“Different from traditional qubits, a topological qubit is built in a way that automatically protects the information it holds and processes. Due to the fragile nature of conventional qubits, this protection offers a landmark improvement in performance, providing added stability and requiring fewer qubits overall. This critical benefit makes the ability to scale possible.”
Google is also in on the action with Google AI Quantum. The company was recently in the news for Bristlecone, a 72 qubit chip which, according to Forbes, is a ‘scaled up version of a 9-qubit Google design that has failed to yield acceptable error rates for a commercially viable quantum system.’
However, Google has chartered out its plans in its AI blog. “We will continue to decrease the error rates and increase the number of qubits in quantum processors to reach the quantum supremacy frontier, and to develop quantum algorithms for useful near-term applications,” the post explains.
In 2015, Intel partnered with QuTech to fast-track developments in quantum computing. Now, Intel has already unveiled its 49 qubit superconducting quantum test chip which they are calling ‘Tangle Lake’. The chip has 108 radio frequency (RF) connectors that carry microwave signals into the chip to make the qubits work. Interestingly, these are made out of gold.
Another company is D-Wave, which claims to be the ‘world’s first quantum computing company’. It is a privately held company, and it says that it has installed more than US$50 million worth of quantum systems at customer sites.
According to the company website, “The D-Wave 2000Q system is available through sale or lease as a standalone system, or via our quantum cloud. We also provide competition-winning, quantum-inspired machine learning services, application development services, and custom fabrication of superconducting circuits.”
The D-Wave 2000Q is cooled to a temperature 180 times colder than interstellar space (0.015 Kelvin).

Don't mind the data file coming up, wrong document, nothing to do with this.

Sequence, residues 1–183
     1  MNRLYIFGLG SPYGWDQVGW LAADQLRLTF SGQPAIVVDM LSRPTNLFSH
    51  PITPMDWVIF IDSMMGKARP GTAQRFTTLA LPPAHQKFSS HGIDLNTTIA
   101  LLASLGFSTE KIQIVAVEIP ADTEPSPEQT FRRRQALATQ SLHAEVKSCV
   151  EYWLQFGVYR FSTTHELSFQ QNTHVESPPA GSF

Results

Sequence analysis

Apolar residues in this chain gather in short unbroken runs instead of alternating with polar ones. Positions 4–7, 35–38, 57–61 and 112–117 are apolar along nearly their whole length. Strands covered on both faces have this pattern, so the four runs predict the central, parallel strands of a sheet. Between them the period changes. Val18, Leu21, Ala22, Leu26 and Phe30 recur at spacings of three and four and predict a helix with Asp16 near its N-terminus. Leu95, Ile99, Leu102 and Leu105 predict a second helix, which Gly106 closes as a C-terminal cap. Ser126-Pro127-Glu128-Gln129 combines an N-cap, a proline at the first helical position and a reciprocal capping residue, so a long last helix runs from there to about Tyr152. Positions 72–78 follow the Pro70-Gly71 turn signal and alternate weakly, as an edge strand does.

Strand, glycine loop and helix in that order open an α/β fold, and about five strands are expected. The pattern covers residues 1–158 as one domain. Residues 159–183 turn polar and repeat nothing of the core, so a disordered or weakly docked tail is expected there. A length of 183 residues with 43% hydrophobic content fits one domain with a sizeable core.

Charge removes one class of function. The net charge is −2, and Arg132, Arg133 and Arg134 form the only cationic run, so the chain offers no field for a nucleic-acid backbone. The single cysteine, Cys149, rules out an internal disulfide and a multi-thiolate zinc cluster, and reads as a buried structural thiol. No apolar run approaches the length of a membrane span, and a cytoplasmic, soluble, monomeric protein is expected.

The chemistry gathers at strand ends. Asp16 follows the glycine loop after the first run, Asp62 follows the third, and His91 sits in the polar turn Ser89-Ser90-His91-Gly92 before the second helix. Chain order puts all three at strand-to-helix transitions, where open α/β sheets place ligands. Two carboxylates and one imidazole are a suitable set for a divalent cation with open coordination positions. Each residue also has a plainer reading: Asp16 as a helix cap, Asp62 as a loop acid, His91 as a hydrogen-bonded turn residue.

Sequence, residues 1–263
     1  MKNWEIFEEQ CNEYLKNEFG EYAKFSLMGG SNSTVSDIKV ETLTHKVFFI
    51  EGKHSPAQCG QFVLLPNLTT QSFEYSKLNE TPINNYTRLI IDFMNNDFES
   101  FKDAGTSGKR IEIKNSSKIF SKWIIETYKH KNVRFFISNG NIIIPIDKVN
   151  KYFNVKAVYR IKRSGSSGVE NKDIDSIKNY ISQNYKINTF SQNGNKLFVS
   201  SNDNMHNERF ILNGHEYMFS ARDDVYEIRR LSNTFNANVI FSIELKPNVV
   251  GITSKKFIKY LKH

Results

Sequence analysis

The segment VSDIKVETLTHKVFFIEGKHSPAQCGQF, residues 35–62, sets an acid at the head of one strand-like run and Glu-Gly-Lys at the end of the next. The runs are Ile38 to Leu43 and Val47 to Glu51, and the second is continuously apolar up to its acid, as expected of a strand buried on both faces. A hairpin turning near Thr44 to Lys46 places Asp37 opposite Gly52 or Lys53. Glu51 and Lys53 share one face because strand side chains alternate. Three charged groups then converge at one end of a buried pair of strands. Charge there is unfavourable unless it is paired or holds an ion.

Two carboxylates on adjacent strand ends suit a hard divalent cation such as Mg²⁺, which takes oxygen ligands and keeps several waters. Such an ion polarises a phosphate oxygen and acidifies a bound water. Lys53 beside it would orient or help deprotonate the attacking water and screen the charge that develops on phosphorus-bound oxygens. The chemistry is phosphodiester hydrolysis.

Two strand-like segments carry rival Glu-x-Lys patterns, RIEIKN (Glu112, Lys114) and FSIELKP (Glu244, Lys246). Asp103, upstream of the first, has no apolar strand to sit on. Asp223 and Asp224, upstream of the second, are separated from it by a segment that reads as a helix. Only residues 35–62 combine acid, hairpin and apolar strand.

Impact of Quantum Computing on Security
There are differing views on whether quantum computing will have an impact on present-day encryption. However, there is something of a consensus on the fact that there will be an emergence of post-quantum cryptography. There is an urgent need to develop techniques to protect information in the quantum age. IBM has been working on ‘lattice cryptography’, which works by hiding data inside complex math problems called lattices.
“Classical systems are not under threat of quantum decryption, today,” Dr. Sutor explains. “Quantum computers able to run Grovers’ algorithm (brute force search) or Shor’s algorithm (for factoring) to the point of breaking encryption are years, even decades away. This level of quantum compute power assumes a device with tens of thousands, perhaps millions of universal fault-tolerant qubits.”
He adds, “NIST has initiated a process to solicit, evaluate and standardize one or more quantum-resistant public-key cryptographic algorithms and IBM has submitted its proposal. For example: IBM is working on lattice-based cryptography, a quantum-safe cryptography technique rooted in linear algebra.
“It provides fast, quantum-safe, fundamental primitives and allows for constructions of primitives (encryption schemes) that were previously thought impossible. Lattice-based primitives exist today, and have already been successfully plugged into certain protocols.”
A Quantum Leap Forward
The development of quantum computing could impact nearly every aspect of our life. Whether it is in the solving of complicated business or scientific problems, or the development of space travel or our understanding of the universe itself, its influence will be pervasive. Cryptography that we take for granted today may be compromised, which means that everything from credit card transactions to cryptocurrencies may be rendered obsolete.
Our communications would all be laid bare as well. Thankfully, people are working on both the quantum computing technology and the antidote to the potential problems that may arise out of its development. It will be fascinating to see if this technology also takes the same route and minaturises, so that one day our children or grandchildren may hold a quantum computer in their palms.
Dr Craig Wright addressed some of the recently raised concerns about cryptocurrency protocols not being quantum computer proof in his 2017 paper, concluding that there is “clear evidence that attacks on bitcoin using quantum computers are not viable in terms of economic costs.” Wright famously claimed to be the pseudonymous creator of Bitcoin, Satoshi Nakamoto, in 2015, a claim that has been widely derided online. Not that that’s stopped him.
llustrations by Kseniya Forbender
To contact the editor responsible for this story:
Margarita Khartanovich at [email protected]